Caregiver Week: Caring for the Caregiver

Stepping into the role of caregiver can be rewarding and also, at times, overwhelming. All too often, caregivers begin neglecting their own health when caring for the health of others. Being so focused on the care of someone else can be stressful by itself, but unavoidable changes in care often add to it. In addition, some caregivers start to feel out of control when needs change or they hit a bump in the road, further increasing their stress. This is why it is extremely important for caregivers to figure out what they need to maintain their own health and well-being while serving in this role and finding support through friends, family or community.

It is essential for caregivers to seek support—from family, friends and/or other individuals or families in the community also going through similar situations. It’s easy to focus so much on providing care that you forget yourself. Finding other caregivers who understand what you’re going through and can relate to your experiences can be a source of relief. It’s also important to find some time to rest and recharge outside of your role as caregiver. This can look different for each person, but taking some time to yourself can decrease the feeling of fatigue or burnout that many caregivers face.

Caregiving has to be a balancing act of taking care of your own needs as well as the person you are caring for. If you or someone you know that is currently serving as a caregiver are beginning to feel overwhelmed or like you need help, talk with your primary care physician or seek out support services at your local health system. Cone Health has an exceptional network of spirituality and support services offering care to individuals throughout the community who are struggling with the difficult responsibilities that often come with caregiving.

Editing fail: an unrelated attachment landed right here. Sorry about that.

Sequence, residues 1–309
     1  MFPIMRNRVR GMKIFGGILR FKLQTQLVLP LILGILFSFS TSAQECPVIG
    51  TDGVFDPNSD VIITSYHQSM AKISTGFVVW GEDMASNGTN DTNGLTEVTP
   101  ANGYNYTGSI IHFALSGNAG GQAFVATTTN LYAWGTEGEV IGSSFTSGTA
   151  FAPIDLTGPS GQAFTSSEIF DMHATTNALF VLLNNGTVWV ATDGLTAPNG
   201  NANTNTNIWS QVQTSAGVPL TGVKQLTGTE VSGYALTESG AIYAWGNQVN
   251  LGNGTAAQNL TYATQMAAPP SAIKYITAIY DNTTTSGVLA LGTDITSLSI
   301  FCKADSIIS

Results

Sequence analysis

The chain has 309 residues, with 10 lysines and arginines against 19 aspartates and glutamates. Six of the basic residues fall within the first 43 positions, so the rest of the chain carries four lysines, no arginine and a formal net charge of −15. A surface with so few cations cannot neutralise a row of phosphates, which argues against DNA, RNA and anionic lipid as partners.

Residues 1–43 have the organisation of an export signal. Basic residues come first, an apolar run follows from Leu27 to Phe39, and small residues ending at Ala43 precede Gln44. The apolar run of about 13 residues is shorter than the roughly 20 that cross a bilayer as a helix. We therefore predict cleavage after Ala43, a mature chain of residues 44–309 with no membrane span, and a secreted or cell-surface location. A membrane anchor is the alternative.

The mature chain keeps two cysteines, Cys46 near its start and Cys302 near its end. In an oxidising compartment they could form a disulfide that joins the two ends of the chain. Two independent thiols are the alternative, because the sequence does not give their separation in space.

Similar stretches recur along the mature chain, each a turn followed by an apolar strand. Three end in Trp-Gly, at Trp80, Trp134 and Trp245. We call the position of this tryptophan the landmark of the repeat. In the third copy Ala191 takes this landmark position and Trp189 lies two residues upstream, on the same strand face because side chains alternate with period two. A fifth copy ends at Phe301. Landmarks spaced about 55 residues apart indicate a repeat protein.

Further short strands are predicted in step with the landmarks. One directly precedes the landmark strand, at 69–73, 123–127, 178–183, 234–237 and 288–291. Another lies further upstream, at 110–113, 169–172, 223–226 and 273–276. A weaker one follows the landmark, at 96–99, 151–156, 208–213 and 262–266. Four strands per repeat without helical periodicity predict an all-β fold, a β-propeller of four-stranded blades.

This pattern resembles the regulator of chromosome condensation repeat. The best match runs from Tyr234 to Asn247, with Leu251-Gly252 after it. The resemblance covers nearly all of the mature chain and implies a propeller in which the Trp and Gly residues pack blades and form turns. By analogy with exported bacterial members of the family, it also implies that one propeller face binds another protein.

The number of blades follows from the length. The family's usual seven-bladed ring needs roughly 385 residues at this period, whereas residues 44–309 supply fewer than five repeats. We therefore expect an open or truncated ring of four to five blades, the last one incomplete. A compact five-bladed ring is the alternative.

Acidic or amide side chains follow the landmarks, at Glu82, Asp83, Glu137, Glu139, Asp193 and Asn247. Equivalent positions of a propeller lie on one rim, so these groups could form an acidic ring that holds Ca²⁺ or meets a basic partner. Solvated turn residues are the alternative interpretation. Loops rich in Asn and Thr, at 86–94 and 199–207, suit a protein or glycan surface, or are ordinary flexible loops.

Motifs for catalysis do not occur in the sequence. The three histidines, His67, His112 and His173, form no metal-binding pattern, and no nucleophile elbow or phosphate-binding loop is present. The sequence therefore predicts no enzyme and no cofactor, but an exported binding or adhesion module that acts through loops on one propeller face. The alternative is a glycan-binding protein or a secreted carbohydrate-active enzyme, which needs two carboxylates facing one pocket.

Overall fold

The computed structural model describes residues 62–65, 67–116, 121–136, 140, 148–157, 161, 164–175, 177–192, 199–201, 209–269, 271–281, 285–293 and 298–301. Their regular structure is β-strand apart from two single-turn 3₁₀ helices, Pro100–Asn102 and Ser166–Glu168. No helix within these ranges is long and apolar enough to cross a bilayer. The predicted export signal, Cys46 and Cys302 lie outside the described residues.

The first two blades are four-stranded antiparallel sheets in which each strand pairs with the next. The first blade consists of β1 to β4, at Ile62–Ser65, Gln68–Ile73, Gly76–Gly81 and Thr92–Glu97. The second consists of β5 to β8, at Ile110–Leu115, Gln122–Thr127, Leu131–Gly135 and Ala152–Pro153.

Spokesperson Background:

Jonathan Freeman, DMin, is the director of the Employee Assistance and Counseling Program for Cone Health. He earned his Doctor of Ministry degree in pastoral psychotherapy from the Graduate Theological Foundation in Mishawaka, Indiana. Freeman obtained his Master of Divinity from Columbia Theological Seminary in Atlanta. Freeman performed his clinical pastoral education residency at Alamance Regional Medical Center.

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